Prime Minister Benjamin Netanyahu during his speech to US Congress on March 3, 2015, with US Speaker of the House John Boehner and President pro tempore of the US Senate Orrin Hatch applauding behind him.
(photo credit: REUTERS)
Saying Prime Minister Benjamin Netanyahu’s address to the US Congress was well-received would be an understatement. Netanyahu was interrupted dozens of times with applause, many of them standing ovations. The several dozen Democratic lawmakers who decided not to attend were hardly missed. US Senate Democratic leader Harry Reid, who has not been well, made a special effort to attend.
Congress’s ecstatic reception of the speech was not just a function of Netanyahu’s virtuoso orating – though it was undoubtedly a contributing factor. There is also a deep recognition in Congress that the US and Israel share core values and aspirations and that the two countries stand for the same basic ideals.
A large part of Netanyahu’s speech was a reprise of what have become well-worn criticisms of the nuclear deal with Iran, whose essential contents have become known due to leaks by sources close to the Obama administration and by representatives of the P5+1 countries (the US, the UK, France, Russia, and China plus Germany). As Netanyahu pointed out, apparently in response to warnings by US President Barack Obama, nothing he was stating was based on classified intelligence information shared in confidence by the US with Israel, but was readily available on Google.
Netanyahu reminded US lawmakers – who belong to what Netanyahu referred to as the world’s most important legislature – why the deal believed being offered to the Islamic Republic is bad.
First and foremost was the sunset clause, which essentially legitimates Iran’s nuclear weapons program within 10 years, with perhaps a five-year phase-out period tacked on. This, rightly noted Netanyahu, might seem like a long time in politics but is the blink of an eye in the lives of nations or for our children.
He also criticized the seeming willingness on the part of P5+1 nations to allow the Iranians to maintain a substantial uranium and plutonium enrichment infrastructure of thousands of centrifuges.
He pointed out that it was wrong not to include in the deal with Iran a ban on the development of intercontinental ballistic missiles, whose only purpose is to deliver a payload of nuclear warheads – and do so as far away as America.
But more than voicing criticism of a bad nuclear deal with Iran, which would inevitably lead to nuclear proliferation in the region and most likely war, Netanyahu also provided a vision for moving forward. He did not simply trash the deal and leave no room for negotiations. He held onto the ideal of a peaceful resolution of the conflict via a negotiated deal with Iran.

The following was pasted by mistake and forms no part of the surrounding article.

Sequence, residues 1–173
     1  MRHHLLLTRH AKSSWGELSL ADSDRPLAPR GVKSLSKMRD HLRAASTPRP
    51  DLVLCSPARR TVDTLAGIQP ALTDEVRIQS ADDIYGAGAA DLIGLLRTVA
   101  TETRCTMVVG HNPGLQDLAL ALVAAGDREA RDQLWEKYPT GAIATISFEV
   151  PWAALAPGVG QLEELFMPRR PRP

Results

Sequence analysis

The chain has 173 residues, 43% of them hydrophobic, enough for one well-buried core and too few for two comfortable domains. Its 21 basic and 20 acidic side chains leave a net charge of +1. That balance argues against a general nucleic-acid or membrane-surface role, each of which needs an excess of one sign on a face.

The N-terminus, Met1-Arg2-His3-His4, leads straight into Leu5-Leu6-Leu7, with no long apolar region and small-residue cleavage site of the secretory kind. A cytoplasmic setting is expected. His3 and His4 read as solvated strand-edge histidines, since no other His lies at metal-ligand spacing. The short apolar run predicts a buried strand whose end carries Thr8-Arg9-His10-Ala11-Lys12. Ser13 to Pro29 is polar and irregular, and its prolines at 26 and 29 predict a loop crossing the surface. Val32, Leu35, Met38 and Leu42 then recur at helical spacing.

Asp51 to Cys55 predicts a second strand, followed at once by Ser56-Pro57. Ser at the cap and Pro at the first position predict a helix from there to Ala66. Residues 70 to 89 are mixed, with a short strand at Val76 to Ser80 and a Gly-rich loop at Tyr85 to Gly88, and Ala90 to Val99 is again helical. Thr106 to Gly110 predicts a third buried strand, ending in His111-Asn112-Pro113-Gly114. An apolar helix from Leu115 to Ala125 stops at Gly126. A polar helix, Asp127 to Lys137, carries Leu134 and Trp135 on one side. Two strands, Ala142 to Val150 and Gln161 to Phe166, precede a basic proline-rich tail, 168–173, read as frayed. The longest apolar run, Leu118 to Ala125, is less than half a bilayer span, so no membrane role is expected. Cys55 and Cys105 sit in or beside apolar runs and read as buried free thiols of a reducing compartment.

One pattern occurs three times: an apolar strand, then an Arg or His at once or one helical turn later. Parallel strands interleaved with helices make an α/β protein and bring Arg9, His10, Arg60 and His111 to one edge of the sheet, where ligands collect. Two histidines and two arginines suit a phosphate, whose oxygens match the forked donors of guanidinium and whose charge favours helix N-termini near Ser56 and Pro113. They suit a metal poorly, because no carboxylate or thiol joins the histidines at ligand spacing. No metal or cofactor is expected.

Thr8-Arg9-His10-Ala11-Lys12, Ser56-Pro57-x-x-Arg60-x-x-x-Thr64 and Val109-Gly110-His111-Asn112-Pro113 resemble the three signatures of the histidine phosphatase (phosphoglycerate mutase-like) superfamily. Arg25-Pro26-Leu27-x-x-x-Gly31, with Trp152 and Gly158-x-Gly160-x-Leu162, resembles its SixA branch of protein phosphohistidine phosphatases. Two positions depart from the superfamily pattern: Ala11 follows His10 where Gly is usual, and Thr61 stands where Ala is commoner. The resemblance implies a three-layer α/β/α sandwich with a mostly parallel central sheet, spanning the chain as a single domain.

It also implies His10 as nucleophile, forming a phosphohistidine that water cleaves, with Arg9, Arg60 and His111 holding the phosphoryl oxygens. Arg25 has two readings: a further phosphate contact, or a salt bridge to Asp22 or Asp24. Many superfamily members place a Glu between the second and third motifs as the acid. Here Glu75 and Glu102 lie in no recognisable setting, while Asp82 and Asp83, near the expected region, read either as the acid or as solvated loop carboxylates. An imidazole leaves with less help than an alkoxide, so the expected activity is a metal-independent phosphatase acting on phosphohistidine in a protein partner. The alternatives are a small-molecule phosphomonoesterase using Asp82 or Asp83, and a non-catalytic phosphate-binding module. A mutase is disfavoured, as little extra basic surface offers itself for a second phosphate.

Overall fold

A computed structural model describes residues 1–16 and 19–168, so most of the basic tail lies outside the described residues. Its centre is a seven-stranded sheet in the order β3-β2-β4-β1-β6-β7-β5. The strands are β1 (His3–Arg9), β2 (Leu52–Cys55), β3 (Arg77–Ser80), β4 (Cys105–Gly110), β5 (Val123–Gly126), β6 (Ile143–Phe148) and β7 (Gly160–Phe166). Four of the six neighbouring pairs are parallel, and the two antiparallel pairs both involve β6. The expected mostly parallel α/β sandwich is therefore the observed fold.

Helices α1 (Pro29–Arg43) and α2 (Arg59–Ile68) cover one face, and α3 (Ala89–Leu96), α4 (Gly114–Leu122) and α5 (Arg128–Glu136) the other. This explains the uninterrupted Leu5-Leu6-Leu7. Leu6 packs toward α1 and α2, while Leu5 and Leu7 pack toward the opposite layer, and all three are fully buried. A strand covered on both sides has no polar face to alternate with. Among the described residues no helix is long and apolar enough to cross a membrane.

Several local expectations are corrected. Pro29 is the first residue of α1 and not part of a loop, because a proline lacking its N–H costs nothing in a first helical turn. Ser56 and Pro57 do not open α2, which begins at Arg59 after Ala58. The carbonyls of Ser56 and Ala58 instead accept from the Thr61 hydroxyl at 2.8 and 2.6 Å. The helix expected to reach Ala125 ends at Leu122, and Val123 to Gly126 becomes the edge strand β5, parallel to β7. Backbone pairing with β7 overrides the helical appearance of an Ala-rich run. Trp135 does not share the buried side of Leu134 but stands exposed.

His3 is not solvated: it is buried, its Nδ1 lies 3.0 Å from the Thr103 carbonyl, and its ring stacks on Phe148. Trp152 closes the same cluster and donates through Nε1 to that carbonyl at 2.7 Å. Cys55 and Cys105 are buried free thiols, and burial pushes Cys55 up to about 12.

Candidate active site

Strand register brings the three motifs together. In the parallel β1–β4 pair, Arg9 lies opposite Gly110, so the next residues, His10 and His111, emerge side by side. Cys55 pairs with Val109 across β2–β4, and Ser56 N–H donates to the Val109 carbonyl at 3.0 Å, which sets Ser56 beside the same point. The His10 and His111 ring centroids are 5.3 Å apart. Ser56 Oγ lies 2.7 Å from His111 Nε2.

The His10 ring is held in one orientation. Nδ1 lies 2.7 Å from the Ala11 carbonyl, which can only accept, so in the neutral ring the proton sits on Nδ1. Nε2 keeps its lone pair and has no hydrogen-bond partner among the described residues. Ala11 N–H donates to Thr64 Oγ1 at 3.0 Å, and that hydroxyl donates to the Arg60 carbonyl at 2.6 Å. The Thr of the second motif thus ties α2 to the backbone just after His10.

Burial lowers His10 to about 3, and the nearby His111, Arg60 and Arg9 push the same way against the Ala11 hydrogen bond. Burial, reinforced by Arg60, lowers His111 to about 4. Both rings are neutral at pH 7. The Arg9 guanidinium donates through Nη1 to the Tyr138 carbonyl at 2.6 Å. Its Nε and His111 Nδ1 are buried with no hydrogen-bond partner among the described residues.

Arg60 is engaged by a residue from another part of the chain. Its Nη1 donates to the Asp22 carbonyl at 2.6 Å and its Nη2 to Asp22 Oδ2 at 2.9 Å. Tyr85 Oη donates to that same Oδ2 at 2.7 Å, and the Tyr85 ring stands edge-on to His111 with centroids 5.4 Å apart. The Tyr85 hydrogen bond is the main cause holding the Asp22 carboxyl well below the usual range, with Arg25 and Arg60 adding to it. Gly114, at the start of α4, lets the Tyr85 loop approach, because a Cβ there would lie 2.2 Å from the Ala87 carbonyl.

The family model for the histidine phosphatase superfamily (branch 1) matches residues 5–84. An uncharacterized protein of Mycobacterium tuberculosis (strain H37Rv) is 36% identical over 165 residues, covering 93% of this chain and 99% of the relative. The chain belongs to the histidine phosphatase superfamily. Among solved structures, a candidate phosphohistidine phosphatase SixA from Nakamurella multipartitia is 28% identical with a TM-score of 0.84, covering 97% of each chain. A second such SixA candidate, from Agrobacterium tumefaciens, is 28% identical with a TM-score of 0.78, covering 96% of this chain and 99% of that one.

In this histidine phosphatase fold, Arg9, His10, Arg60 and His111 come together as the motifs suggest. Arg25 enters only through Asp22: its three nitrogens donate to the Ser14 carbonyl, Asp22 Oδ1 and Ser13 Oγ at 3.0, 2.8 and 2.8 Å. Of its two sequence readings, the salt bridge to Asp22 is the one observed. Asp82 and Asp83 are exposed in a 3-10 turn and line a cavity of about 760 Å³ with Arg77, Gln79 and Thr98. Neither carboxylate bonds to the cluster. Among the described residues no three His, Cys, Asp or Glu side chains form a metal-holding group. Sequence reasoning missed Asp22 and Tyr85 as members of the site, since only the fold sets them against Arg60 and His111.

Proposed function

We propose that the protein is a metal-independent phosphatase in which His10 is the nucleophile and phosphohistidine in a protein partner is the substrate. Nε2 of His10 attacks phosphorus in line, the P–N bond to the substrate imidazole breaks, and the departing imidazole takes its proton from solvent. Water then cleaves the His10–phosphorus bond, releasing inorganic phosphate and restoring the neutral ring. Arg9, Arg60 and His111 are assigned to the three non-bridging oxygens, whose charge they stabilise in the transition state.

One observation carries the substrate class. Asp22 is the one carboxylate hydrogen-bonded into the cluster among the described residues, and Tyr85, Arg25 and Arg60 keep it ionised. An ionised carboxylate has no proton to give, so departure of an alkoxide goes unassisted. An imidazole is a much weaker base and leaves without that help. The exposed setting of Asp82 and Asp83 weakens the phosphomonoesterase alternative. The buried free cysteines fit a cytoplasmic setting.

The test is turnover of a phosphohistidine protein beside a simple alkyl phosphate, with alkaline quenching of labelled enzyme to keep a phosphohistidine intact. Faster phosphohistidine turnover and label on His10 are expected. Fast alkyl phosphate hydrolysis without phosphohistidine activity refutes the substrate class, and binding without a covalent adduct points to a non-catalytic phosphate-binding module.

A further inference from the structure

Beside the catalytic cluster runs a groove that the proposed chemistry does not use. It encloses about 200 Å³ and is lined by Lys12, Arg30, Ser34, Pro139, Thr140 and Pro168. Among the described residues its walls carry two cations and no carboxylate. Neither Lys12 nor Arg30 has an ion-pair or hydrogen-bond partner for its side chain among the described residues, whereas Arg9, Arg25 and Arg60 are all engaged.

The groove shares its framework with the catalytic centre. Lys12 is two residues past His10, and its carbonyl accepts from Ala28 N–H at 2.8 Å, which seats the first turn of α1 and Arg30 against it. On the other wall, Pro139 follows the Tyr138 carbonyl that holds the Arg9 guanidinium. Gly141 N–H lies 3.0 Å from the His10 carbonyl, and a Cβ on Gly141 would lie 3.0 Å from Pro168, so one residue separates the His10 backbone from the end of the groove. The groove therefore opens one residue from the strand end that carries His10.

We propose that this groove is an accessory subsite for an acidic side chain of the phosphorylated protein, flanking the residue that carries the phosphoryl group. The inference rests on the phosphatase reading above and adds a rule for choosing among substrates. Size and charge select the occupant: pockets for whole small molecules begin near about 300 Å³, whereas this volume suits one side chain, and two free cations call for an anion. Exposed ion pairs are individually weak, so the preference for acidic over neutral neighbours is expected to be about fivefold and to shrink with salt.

No country more than Israel has a stake in seeing a peaceful resolution of the conflict with Iran, because Israel would suffer if the situation deteriorates into a military conflagration.
Since sanctions were what brought the Iranians to the bargaining table in the first place, Netanyahu proposed not lifting sanctions until the Iranians stop their aggression.
Indeed, premature lifting of sanctions would actually encourage Iranian aggression. And sanctions can be particularly effective now, as oil prices have fallen to their lowest level in decades.
Only once the Iranians have stopped supporting terrorism around the world from Buenos Aires and Burgas to Baghdad and Beirut; only once they stop threatening the annihilation of Israel; only once they stop demonstrations of aggression against the US like last week’s staged attack on a replica US aircraft carrier can the P5+1 be expected to reduce sanctions.
“If Iran wants to be treated like a normal country,” intoned Netanyahu, “it should begin acting like a normal country,” adding that the alternative to a bad deal with Iran does not have to be war, it can be an even better deal.
Still, while Netanyahu made it clear that Israelis overwhelmingly prefer a negotiated deal through diplomacy and still hold out hope for a peaceful solution, the renewal of Jewish sovereignty after nearly two millennia of longing means that Israel no longer has to rely on others to defend it.
Pointing to Holocaust survivor and Nobel Peace Prize laureate Eli Wiesel, who was sitting next to Sara Netanyahu, the prime minister noted that the man’s life and work gave new meaning to the words “never again.”
“And I wish I could promise you, Elie, that the lessons of history have been learned.... But I can guarantee you this, the days when the Jewish people remained passive in the face of genocidal enemies, those days are over.”